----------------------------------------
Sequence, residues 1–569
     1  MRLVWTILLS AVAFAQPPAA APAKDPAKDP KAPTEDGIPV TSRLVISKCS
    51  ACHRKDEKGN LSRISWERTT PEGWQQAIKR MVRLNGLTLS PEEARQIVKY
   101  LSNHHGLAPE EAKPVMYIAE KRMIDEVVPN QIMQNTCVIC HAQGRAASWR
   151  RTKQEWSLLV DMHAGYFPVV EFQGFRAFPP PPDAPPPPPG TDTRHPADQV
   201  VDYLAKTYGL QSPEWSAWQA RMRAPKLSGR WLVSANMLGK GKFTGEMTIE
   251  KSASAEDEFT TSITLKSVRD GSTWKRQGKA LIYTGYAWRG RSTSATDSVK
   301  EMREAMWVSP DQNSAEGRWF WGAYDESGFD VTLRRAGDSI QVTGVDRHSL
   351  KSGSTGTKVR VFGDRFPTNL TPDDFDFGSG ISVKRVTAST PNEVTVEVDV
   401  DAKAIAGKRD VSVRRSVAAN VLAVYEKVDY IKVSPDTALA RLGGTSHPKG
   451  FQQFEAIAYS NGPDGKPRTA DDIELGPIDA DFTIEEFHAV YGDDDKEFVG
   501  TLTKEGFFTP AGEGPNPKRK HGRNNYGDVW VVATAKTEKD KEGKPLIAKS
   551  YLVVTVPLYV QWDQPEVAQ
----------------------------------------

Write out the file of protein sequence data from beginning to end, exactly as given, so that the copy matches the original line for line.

Sequence, residues 1–569
     1  MRLVWTILLS AVAFAQPPAA APAKDPAKDP KAPTEDGIPV TSRLVISKCS
    51  ACHRKDEKGN LSRISWERTT PEGWQQAIKR MVRLNGLTLS PEEARQIVKY
   101  LSNHHGLAPE EAKPVMYIAE KRMIDEVVPN QIMQNTCVIC HAQGRAASWR
   151  RTKQEWSLLV DMHAGYFPVV EFQGFRAFPP PPDAPPPPPG TDTRHPADQV
   201  VDYLAKTYGL QSPEWSAWQA RMRAPKLSGR WLVSANMLGK GKFTGEMTIE
   251  KSASAEDEFT TSITLKSVRD GSTWKRQGKA LIYTGYAWRG RSTSATDSVK
   301  EMREAMWVSP DQNSAEGRWF WGAYDESGFD VTLRRAGDSI QVTGVDRHSL
   351  KSGSTGTKVR VFGDRFPTNL TPDDFDFGSG ISVKRVTAST PNEVTVEVDV
   401  DAKAIAGKRD VSVRRSVAAN VLAVYEKVDY IKVSPDTALA RLGGTSHPKG
   451  FQQFEAIAYS NGPDGKPRTA DDIELGPIDA DFTIEEFHAV YGDDDKEFVG
   501  TLTKEGFFTP AGEGPNPKRK HGRNNYGDVW VVATAKTEKD KEGKPLIAKS
   551  YLVVTVPLYV QWDQPEVAQ